The Anti-Counterfeiting Trade Agreement (ACTA) is facing a growing backlash in Europe. On 31 May, all three committees of the European Parliament advising the International Trade Committee recommended rejecting the deal.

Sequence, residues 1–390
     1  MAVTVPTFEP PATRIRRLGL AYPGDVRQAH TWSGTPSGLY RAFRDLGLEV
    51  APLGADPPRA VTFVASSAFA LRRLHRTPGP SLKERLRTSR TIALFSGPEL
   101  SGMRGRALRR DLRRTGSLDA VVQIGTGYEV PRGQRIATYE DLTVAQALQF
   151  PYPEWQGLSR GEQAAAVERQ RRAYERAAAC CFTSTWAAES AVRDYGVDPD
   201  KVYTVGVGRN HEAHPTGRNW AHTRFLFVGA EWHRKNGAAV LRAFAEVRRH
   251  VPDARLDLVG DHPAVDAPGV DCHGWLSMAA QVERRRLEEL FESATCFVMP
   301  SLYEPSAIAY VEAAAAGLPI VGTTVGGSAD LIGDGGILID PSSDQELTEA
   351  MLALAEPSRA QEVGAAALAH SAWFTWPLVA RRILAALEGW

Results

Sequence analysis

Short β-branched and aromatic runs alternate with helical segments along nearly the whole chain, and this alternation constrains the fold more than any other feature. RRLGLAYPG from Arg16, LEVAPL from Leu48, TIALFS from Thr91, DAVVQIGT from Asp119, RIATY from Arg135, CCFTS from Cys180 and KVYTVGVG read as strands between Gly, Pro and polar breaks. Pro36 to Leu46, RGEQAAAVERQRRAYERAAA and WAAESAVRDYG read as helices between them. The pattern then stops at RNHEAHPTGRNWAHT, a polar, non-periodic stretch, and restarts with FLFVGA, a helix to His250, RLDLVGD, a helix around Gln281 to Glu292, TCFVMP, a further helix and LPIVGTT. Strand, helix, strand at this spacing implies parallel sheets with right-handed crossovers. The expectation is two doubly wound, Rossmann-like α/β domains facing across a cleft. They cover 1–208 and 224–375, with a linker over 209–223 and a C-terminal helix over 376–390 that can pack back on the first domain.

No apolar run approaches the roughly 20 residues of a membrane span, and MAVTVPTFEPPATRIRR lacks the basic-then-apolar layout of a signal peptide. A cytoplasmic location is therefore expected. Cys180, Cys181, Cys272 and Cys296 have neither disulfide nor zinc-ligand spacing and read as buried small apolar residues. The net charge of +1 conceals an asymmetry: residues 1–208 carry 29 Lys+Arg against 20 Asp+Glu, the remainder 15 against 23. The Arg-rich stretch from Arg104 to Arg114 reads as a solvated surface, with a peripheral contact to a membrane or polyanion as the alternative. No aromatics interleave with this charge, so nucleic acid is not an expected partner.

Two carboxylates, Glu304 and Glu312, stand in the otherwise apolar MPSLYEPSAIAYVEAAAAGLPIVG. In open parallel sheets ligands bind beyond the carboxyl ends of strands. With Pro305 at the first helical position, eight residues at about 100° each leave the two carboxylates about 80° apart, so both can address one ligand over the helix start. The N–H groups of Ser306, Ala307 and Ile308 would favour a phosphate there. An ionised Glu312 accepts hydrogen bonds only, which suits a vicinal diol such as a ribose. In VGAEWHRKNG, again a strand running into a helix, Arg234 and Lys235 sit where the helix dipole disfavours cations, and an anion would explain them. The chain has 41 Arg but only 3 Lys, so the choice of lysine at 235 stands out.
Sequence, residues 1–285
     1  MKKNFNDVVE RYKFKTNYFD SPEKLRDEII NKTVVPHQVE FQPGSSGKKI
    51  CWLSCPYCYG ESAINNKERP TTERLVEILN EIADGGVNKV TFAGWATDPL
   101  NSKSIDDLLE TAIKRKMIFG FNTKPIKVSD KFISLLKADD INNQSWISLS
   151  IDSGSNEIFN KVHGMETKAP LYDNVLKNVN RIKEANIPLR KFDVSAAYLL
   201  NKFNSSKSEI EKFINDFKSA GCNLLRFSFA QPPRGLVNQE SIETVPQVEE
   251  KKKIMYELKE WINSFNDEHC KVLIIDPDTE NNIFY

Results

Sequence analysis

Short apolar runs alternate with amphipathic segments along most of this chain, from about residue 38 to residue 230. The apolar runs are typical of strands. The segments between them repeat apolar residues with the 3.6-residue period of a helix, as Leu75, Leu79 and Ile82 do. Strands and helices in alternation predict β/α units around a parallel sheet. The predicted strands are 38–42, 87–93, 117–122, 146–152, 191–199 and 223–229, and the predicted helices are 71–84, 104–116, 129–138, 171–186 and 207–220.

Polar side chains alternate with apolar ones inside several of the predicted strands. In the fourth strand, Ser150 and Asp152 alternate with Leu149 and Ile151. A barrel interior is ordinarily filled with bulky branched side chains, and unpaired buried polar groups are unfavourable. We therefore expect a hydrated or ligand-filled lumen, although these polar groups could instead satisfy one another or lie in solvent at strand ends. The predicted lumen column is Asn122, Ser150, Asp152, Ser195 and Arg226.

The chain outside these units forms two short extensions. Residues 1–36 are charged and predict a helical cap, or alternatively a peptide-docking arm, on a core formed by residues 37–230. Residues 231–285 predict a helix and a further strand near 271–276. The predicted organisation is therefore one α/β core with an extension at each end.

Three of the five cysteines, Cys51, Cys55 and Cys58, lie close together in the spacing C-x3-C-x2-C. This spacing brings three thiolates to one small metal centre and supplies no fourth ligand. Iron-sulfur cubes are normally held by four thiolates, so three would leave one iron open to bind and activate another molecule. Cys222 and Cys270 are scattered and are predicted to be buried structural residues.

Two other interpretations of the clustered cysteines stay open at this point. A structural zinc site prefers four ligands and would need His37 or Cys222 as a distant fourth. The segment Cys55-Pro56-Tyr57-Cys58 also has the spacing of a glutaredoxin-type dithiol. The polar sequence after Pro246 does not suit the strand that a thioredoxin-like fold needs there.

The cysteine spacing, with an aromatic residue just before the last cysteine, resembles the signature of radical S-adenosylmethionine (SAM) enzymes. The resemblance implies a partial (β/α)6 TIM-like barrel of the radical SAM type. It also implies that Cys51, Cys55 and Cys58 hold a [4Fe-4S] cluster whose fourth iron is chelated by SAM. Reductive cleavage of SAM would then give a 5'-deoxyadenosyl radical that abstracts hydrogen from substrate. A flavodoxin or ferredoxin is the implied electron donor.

While the committees’ recommendations are not binding, they nevertheless put further pressure on the EU and its member states to reconsider ratification of ACTA. MEPs on the Civil Liberties Committee concluded that ACTA fails to respect privacy rights and the full protection of sensitive personal information. The Industry Committee argued the agreement does not properly balance the rights and freedoms of the different stakeholders affected by ACTA. The Legal Affairs Committee also voted against approval of the controversial Agreement. The opposition of a growing number of Members of the European Parliament against ACTA is part of a broader backlash against secretive intellectual property agreements that are incorporated into broad trade agreements and give priority to intellectual property enforcement over fundamental rights. The Dutch Parliament recently voted against ratifying ACTA, a move that some experts say could effectively spell the end of the agreement in Europe. ACTA has been widely criticized for granting authorities broad new powers to monitor and enforce enhanced copyright and patent protections, potentially restricting access to information. Teachers and students have been concerned about the agreement’s potential impact on their ability to access information for educational and research purposes. A final vote in the European Parliament on the agreement is expected in July.